More and more universities across the country and throughout the world are contributing their full courses and materials, including video lectures, to their school websites as well as sites such as iTunes U and YouTube EDU. And the cost of these courses that are normally worth thousands of dollars in tuition? Zero. These institutions of higher learning say they're sharing their courses online with no charge to fulfill their mission of making education more accessible to the broader public, not just to students and educators but to independent learners worldwide. While users do not get academic credit for the free online courses, they now have access to an array of educational materials that were not previously available to the public.
University of California–Berkeley was one of the first universities to enter into the free online educational resources sphere in 2001 with its webcast.berkeley.edu site. The program automatically records video of faculty lectures in courses across all areas of study. Since its inception, webcast.berkeley has recorded and published around 520 video lectures, says Benjamin Hubbard, the site manager. Berkeley was the second university to publish content on iTunes U in 2006 and the first to publish on YouTube EDU in 2007. Since its inception, Hubbard says webcast.berkeley has received more 100 million views, in addition to 9.3 million views on iTunes U and 13.5 million on YouTube EDU.
Hubbard says webcast.berkeley viewed the partnerships with iTunes U and YouTube EDU as an extension of the university's ability to distribute content on platforms that students and the public were already using. "Our aim was to broaden the window of access to education," he says. "Our mission as a public university is to make this educational content available to folks from all walks of life."
These online educational courses can also reach an even more international audience with the help of automatic captions, combining Google's automatic speech recognition with YouTube's captioning system. The YouTube captioning can be translated into over 40 languages, Hubbard says.
Also in 2001, Massachusetts Institute of Technology began its OpenCourseWare program. This provides nearly 2,000 courses, some with a combination of video lectures, lecture notes, syllabi, and problem sets. Between 2005 and 2008, the program began partnering with other institutions of higher learning in the United States and overseas. In July 2008, the OpenCourseWare Consortium was formed, with more than 200 higher education institutions, domestic and international, sharing their content on the site, says Steven Carson, the chairman of the OpenCourseWare Consortium's board of directors and the external relations director of MIT's OpenCourseWare.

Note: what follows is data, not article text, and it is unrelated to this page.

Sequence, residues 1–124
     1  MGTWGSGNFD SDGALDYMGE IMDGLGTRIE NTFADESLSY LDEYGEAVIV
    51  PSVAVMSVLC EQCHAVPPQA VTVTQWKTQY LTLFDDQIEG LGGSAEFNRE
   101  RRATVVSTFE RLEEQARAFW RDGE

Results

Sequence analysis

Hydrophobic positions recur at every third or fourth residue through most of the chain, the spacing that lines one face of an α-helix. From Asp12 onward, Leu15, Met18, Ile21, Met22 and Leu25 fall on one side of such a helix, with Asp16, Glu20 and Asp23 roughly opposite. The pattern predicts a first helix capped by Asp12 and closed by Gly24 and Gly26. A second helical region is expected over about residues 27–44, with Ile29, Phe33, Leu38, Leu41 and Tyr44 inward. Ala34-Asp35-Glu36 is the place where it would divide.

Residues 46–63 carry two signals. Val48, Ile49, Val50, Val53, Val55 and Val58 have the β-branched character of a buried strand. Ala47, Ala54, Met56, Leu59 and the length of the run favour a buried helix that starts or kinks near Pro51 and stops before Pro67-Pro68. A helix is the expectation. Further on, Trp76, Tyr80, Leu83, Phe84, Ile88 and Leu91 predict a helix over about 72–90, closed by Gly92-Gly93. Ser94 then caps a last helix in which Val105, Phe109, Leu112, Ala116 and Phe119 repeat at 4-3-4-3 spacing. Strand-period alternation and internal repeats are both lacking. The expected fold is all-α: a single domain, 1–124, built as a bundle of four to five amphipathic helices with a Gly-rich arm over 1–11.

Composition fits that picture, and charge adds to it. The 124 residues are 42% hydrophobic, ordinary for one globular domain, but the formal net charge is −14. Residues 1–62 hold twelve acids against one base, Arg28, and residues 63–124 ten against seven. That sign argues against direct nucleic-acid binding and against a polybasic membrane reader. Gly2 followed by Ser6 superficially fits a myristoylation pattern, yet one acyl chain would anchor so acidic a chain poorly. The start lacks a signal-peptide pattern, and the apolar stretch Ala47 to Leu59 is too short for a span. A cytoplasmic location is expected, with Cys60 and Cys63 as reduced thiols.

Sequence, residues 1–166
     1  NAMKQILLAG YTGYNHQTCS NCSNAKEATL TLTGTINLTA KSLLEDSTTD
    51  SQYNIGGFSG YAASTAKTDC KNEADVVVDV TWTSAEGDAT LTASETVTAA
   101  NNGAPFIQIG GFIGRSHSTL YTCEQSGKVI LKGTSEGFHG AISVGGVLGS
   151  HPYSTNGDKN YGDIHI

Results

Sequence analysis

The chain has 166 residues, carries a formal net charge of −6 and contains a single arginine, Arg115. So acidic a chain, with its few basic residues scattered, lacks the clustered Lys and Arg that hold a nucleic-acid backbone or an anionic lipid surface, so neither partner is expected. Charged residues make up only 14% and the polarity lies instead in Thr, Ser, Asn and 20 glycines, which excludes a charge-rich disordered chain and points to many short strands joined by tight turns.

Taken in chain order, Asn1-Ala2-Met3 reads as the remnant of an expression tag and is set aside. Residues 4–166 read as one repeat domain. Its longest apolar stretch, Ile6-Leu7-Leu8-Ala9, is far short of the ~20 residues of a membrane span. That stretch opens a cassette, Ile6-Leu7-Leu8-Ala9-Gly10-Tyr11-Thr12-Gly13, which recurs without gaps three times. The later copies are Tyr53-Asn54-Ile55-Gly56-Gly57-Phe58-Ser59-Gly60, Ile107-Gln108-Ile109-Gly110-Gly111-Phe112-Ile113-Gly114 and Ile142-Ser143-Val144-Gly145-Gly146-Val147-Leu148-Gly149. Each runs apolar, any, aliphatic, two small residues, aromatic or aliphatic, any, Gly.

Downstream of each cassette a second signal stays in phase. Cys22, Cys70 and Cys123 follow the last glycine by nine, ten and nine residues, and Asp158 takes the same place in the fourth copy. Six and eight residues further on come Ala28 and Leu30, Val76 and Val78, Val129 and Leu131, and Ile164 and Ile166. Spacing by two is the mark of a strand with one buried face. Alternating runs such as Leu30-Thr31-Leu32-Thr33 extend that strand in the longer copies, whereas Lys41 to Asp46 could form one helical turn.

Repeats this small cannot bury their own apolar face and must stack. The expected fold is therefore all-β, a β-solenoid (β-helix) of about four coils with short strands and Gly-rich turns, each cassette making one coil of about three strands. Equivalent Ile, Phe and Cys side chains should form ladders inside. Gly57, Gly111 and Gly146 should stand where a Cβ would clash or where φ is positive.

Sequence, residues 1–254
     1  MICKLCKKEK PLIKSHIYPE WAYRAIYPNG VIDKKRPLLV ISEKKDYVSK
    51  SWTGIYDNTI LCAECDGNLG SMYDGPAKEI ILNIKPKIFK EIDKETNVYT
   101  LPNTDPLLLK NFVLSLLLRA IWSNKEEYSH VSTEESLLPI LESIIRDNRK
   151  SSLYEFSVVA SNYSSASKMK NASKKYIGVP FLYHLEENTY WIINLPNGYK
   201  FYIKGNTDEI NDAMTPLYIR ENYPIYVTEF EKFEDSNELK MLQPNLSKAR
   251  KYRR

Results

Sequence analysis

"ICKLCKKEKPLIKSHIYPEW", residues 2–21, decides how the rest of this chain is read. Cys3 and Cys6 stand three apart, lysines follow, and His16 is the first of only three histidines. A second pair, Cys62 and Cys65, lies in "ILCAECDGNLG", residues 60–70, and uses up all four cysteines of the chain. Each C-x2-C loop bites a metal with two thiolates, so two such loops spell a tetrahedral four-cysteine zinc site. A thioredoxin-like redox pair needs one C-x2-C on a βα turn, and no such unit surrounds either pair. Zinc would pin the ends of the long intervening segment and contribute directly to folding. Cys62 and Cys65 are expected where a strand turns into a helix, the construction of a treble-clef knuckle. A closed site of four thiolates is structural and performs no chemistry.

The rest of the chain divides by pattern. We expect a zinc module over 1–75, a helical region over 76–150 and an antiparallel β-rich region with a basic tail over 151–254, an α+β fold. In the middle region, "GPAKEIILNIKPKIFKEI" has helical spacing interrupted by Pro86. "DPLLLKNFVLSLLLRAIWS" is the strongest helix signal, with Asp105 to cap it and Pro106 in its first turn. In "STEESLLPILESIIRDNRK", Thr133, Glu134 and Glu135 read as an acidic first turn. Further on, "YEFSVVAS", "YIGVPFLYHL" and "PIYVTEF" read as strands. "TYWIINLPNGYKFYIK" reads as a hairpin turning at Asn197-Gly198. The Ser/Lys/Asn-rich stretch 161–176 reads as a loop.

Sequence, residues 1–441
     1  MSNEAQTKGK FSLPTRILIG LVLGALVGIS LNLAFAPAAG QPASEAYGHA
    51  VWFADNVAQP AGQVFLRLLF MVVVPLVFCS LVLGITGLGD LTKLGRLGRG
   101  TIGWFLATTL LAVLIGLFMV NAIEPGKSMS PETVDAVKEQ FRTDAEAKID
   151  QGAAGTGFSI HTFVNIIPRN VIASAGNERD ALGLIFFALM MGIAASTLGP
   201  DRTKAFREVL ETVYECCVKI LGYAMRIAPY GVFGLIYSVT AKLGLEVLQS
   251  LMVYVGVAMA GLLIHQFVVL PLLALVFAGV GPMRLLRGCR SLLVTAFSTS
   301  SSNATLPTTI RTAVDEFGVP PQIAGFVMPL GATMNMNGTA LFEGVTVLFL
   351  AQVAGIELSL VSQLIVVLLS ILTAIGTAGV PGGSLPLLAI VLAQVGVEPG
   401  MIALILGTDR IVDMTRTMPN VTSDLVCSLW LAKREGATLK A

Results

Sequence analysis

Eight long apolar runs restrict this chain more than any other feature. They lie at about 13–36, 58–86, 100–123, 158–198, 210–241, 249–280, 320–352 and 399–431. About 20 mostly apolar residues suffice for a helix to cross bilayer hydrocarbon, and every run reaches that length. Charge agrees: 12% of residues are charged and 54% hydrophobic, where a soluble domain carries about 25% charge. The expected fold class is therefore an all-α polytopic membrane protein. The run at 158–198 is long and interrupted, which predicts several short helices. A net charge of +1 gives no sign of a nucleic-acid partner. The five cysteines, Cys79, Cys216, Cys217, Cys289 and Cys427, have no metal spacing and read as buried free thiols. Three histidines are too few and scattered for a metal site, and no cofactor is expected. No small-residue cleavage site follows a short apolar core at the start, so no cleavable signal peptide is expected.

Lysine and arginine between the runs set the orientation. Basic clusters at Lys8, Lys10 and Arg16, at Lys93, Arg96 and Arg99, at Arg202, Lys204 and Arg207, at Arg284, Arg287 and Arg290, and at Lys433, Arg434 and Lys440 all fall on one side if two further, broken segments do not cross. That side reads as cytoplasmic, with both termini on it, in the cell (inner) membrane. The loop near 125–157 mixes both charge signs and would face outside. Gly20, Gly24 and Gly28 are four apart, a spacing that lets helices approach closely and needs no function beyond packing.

Not only does the OpenCourseWare Consortium work to increase the number of free educational projects and courses around the world, Carson says, but it also brings educators together to create a broader, open-resources community and to establish principles of best practices. He says the courses are used by students, educators, and self-learners worldwide. While these online educational resources will not serve as substitutes for a university or online distance-learning degree, Carson says these free resources will continue to support the growing independent-learning community.
Stanford has also contributed free online courses to the Web, many coming from Stanford’s Continuing Studies program. The university was the first institution to contribute its courses to iTunes U in 2006. It later contributed to YouTube EDU in 2007. Currently, the program offers more than 73 courses on iTunes U and 53 on YouTube EDU. Also, Yale created Open Yale Courses in 2006 under the leadership of Diana Kleiner, the principal investigator of Open Yale Courses. She says there are currently 25 courses on the site, as well as on iTunes U and YouTube EDU, and another 11 will be published this fall. All of the courses include a full set of high-quality videos of class lectures as well as other course materials, including syllabi, suggested readings, and problem sets.
So what impacts do these free online courses have on the classroom experiences in universities? Hubbard says that at Berkeley, he has heard professors who post their video lectures online say that students in the classroom are engaging in a different way. Instead of being buried in their texts and taking notes, the professors say they can actually see students' faces listening and absorbing the lecture. The professors say this is because the students know they can go back and watch the video lectures later if they want to review material. Kleiner says she may assign her own online video lectures as homework and then incorporate the lectures into class discussions. She also says that thanks to the liberal licensing of the online courses, she has seen educators around the world repurposing the content to teach in their own classrooms.
Corrected on 02/17/10: An earlier version of this article incorrectly stated the number of videos offered on Academic Earth. The correct number is 3,500 videos. Additionally, the earlier version may have given an incorrect impression about the source of Stanford’s free online courses; many programs at Stanford contribute to the university’s free courses on the Web.